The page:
The Supreme Court will begin hearing arguments over DACA on Tuesday. The controversy over Obama’s protections for Deferred Action Childhood Arrivals is expected to have a ruling by next summer, just before the 2020 elections. At the heart of the argument are 700,000 people and their deportation status. The program shields immigrants who came to this country before the age of 16 and continue their immigration status here illegally. Polling shows consistently that the majority of Americans are in favor of protection for Dreamers.
The primary case before the Supremes is a lawsuit filed by the University of California, where a district judge halted Trump’s DACA repeal, and a federal judge in the 9th Circuit upheld the ruling.
The Supreme Court has consolidated that case — Department of Homeland Security v. Regents of the University of California — with two other legal challenges to Trump’s DACA repeal that arose through federal courts in Washington, D.C., and New York. Judges in those cases also sided against the Trump administration.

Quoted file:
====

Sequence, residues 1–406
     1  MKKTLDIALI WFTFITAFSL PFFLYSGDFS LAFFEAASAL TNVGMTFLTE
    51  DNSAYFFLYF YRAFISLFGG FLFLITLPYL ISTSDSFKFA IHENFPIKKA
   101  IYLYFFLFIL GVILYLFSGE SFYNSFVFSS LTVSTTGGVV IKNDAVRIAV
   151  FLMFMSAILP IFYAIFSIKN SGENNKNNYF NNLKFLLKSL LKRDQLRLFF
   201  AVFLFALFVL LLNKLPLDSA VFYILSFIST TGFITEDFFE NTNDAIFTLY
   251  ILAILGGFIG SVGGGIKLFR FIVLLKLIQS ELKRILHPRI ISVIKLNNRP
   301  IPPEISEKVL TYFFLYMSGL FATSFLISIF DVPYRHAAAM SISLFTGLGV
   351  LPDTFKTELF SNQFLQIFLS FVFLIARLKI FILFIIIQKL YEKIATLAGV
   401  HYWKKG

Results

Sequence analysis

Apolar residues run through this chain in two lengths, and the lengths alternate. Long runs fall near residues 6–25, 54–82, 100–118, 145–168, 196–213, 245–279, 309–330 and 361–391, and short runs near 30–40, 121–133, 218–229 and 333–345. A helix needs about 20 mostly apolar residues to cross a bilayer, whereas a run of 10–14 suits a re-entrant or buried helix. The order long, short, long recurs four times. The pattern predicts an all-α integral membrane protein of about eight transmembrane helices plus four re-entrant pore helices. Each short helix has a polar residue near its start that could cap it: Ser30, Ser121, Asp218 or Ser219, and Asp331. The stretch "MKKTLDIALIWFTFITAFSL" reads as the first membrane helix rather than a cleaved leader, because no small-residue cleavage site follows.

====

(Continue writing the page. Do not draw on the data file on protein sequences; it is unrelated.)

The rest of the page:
The justices will now be determining if the lower courts have the power to review the DACA repeal, and also if the Trump administrations move was legally justified, or if it was “arbitrary and capricious,” and thus illegal under the act. The Trump administration maintains that the executive order to protect Dreamers was unconstitutional.
“If they do what is right and do not let … DACA stand, with all of its negative legal implications, the Republicans and Democrats will have a DEAL to let them stay in our Country, in very short order,” Trump tweeted last month. “It would actually benefit DACA, and be done the right way!”
But Trump and Republicans also see a ruling in their favor as a chance to seek more concessions on immigration from Democrats in exchange for protecting the Dreamers.
For more details, see The Hill